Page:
Delegation, Risk, and Project Scope
AbstractThis paper studies a partial-contracting model where an agent may provide effort to increase a project´s scope before some later (operative) decisions have to be taken. Consistent with existing empirical evidence, we find a positive relationship between exogenous risk and delegation. That is, only if the exogenous risk is sufficiently large may the risk-neutral principal prefer to delegate authority over decisions to the risk-averse agent. Intuitively, for incentive reasons, the principal may optimally want to allow the agent to reduce his risk exposure. Nevertheless, even endogenous risk may be higher when the risk-averse agent has control.
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Bibliographic InfoArticle provided by Mohr Siebeck, Tübingen in its journal Journal of Institutional and Theoretical Economics.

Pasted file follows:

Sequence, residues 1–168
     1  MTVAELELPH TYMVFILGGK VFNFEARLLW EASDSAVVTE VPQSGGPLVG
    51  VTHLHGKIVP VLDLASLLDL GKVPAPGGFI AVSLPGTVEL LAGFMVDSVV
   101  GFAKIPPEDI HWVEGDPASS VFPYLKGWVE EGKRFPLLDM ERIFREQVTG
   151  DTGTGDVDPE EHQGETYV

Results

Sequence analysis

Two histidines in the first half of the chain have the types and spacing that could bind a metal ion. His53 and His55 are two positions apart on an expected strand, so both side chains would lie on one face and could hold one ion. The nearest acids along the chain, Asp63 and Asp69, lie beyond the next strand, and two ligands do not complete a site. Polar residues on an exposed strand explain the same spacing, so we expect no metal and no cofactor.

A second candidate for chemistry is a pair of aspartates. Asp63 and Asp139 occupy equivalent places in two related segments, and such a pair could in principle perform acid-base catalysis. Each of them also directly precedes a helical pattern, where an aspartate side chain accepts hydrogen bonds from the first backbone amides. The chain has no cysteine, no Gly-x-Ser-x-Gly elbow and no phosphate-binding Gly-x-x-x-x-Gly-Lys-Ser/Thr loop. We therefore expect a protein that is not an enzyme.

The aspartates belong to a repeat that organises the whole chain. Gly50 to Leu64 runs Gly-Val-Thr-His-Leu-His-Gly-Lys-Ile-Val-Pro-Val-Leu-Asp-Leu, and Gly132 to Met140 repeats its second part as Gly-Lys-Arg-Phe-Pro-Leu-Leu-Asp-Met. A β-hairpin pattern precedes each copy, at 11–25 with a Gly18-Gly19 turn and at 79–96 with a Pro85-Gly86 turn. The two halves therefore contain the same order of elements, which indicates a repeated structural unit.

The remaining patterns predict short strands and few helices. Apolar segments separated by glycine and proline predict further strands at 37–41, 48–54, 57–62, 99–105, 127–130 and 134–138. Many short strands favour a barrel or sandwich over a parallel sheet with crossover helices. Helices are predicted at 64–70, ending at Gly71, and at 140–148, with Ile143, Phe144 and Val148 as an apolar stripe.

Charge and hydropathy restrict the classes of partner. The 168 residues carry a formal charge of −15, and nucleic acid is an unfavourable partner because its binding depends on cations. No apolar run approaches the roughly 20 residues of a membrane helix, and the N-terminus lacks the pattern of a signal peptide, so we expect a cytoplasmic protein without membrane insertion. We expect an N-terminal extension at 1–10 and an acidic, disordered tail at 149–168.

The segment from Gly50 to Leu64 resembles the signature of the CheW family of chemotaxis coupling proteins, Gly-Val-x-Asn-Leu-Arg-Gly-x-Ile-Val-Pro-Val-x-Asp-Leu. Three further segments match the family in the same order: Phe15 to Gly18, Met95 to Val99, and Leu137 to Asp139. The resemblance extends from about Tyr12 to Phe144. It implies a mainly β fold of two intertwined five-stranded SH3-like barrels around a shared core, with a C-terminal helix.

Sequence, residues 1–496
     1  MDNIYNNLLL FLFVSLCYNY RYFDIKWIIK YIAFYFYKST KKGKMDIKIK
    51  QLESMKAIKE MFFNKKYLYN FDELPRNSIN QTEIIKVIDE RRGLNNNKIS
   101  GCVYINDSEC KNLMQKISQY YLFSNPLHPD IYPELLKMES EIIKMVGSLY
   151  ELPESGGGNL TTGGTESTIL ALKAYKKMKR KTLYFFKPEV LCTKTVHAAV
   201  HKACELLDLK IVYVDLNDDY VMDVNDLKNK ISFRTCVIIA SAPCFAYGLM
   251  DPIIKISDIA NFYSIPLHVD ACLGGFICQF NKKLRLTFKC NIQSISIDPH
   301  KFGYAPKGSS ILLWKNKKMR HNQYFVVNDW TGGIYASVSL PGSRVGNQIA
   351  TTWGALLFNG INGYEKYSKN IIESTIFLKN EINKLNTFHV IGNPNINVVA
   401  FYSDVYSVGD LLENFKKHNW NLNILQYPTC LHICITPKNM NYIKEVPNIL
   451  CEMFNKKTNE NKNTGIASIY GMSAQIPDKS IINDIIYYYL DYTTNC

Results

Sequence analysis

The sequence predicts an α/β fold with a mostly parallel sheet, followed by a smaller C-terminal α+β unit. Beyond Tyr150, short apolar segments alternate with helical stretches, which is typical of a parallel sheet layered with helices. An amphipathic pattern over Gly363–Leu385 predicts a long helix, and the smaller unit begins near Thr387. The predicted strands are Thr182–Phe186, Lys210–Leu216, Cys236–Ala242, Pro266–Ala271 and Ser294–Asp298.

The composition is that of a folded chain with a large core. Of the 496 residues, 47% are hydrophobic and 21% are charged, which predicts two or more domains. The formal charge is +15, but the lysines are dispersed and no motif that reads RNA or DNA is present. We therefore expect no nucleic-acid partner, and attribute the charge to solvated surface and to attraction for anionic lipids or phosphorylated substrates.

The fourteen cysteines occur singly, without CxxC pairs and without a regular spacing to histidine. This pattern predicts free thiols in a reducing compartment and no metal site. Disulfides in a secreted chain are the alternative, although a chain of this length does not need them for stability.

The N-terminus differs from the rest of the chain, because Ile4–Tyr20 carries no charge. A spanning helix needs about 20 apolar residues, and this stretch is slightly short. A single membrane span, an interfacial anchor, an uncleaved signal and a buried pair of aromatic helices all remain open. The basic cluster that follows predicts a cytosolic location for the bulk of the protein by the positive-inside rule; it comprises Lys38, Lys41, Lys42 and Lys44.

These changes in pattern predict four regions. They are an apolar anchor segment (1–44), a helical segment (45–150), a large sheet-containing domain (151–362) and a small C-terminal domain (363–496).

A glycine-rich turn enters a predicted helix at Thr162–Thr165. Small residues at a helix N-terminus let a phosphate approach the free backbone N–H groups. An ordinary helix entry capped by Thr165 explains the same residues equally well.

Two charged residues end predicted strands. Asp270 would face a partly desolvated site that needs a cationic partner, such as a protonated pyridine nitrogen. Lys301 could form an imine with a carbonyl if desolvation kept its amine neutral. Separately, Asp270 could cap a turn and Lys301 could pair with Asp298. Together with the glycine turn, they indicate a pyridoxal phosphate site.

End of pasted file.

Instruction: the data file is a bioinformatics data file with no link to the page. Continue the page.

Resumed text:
Volume (Year): 165 (2009)
Issue (Month): 2 (June)
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Find related papers by JEL classification:
- D86 - Microeconomics - - Information, Knowledge, and Uncertainty - - - Economics of Contract Law
- D21 - Microeconomics - - Production and Organizations - - - Firm Behavior: Theory
- D23 - Microeconomics - - Production and Organizations - - - Organizational Behavior; Transaction Costs; Property Rights
- G34 - Financial Economics - - Corporate Finance and Governance - - - Mergers; Acquisitions; Restructuring; Corporate Governance
- L14 - Industrial Organization - - Market Structure, Firm Strategy, and Market Performance - - - Transactional Relationships; Contracts and Reputation
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